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2015 Conference: Faith and Teaching: Virtue, Practice, Imagination

Seeing education in terms of virtues (and vices) focuses attention on questions of formation that are easily relegated to the background when we see primarily through a lens of course objectives and outcomes. A focus on virtues also implies attention to the kinds of practices within which they might flourish, and to the possible role of Christian practices as a framing factor. Seeing education in terms of virtues, formation, and practices is itself an act of educational imagination that draws upon the history of Christian imagination regarding the self and its growth and telos. Join us for this exciting conference!


Grant Received to Study Technology Change and Christian School Identity

With the help of the Issachar Fund, the Kuyers Institute for Christian Teaching and Learning has secured $358,000 in funding for examining technology and Christian education. The funding allows a three-year research study based at Holland Christian Schools and involves faculty from both the economics and the education departments at Calvin College along with Kuyers Director David Smith. The purpose of the study is to explore how rapid technological change interacts with the Christian goals, beliefs, and practices of a faith-based school, an area in which there has been very little research despite the current pace of change in educational technology. We hope to generate insight and resources that can both help Holland Christian Schools gain additional insight into their own work and provide guidance for other Christian schools facing similar changes.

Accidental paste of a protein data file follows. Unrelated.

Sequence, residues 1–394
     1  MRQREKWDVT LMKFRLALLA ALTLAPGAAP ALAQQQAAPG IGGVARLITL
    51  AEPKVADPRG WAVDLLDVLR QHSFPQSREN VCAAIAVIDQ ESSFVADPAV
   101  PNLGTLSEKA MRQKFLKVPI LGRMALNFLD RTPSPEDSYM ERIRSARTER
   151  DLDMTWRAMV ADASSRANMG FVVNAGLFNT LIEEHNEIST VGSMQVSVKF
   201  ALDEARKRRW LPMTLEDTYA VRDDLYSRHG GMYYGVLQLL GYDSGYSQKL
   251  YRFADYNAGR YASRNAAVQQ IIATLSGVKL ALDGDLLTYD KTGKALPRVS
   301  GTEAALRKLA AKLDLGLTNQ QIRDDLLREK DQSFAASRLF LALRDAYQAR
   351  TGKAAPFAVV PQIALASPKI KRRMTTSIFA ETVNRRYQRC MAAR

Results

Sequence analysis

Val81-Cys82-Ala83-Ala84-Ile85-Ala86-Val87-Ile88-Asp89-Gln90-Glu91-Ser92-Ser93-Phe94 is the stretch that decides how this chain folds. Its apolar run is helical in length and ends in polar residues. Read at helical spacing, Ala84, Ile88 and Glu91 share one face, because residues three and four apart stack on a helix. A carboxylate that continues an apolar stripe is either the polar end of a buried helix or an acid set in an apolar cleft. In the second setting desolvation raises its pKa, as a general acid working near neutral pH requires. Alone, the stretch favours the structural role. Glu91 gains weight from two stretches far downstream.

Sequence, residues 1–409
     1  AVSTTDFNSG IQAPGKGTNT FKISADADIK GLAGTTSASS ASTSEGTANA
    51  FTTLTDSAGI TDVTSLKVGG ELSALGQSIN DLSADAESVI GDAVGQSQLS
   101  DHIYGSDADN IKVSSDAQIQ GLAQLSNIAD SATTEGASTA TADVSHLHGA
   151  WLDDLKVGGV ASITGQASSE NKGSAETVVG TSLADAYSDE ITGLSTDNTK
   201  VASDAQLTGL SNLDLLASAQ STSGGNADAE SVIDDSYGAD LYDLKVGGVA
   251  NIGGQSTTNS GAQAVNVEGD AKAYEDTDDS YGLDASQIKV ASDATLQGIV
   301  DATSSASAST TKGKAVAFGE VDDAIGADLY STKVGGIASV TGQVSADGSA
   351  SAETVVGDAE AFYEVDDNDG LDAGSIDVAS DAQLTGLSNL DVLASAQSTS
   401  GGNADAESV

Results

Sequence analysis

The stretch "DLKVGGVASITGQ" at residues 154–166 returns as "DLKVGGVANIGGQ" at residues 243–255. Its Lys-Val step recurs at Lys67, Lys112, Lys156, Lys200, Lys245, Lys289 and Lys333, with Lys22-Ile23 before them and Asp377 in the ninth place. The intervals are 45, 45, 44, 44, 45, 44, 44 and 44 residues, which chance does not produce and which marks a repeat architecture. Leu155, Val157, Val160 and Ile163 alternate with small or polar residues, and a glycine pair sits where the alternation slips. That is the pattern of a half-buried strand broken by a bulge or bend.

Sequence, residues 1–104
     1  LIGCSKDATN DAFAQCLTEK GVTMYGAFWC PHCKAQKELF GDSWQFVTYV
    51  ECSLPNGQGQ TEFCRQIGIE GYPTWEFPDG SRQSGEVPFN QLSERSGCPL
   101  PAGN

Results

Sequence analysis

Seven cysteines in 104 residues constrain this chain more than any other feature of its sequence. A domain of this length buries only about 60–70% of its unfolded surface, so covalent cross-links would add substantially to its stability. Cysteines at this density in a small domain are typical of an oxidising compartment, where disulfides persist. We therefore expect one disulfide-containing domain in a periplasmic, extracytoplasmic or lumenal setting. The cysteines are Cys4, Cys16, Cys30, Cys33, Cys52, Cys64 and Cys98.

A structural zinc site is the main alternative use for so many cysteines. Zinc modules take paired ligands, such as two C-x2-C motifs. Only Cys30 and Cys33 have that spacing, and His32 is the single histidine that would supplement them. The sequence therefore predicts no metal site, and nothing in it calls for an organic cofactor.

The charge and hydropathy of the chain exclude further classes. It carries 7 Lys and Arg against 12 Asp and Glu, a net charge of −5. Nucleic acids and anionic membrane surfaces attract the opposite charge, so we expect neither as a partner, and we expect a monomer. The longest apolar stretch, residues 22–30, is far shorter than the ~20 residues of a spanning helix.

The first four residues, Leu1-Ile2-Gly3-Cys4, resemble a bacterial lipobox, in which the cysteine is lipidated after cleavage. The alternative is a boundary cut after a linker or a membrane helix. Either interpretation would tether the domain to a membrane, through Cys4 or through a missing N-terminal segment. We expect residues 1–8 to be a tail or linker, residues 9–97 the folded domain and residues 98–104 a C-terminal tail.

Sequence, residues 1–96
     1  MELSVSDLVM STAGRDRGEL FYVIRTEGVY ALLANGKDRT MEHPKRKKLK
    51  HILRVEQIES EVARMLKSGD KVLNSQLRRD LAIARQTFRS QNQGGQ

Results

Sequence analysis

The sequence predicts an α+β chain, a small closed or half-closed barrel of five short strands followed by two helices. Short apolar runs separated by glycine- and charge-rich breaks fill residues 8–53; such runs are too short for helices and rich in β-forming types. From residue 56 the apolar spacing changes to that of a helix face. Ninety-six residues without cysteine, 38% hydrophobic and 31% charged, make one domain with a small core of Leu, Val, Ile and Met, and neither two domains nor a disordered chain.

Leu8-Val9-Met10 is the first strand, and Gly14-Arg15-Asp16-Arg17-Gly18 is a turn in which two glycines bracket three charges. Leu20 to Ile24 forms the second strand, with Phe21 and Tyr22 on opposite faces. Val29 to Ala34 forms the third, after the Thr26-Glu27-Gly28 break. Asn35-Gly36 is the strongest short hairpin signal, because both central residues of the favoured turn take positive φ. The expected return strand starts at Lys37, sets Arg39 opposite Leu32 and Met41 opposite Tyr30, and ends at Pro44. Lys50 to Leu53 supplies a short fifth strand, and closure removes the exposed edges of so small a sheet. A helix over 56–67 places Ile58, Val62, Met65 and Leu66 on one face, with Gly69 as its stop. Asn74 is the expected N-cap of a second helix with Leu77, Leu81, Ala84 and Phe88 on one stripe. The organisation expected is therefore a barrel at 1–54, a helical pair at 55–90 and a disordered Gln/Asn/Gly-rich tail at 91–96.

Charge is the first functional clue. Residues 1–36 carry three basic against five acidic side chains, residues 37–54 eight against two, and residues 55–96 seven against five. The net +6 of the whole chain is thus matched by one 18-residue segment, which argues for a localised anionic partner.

Templeton Foundation Awards Grant to TCF and Partner Kuyers Institute

In partnership with The Colossian Forum, the Kuyers Institute for Christian Teaching and Learning is pleased to announce receipt of a $200,000 grant from the John Templeton Foundation. The funding makes possible a planned three-year project to create new online resources and training opportunities designed to help science teachers to develop effective teaching strategies at the intersection of faith and science. Rather than articulating particular positions on issues at the faith/science interface, the project will focus on how teachers can make the most fruitful pedagogical choices when helping students to engage with ideas arising from the existing literature on faith and science.

Over the course of three years, this project will develop and deploy an interactive website that will include a multi-layered bank of teaching strategies, training materials, and brief related essays. It will draw on the contributions of experienced teachers to create, evaluate, and communicate effective teaching methods. As a standalone site, it will extend the reach of the innovative websites and and will be developed in a similar style. Work on the project will begin early in 2014.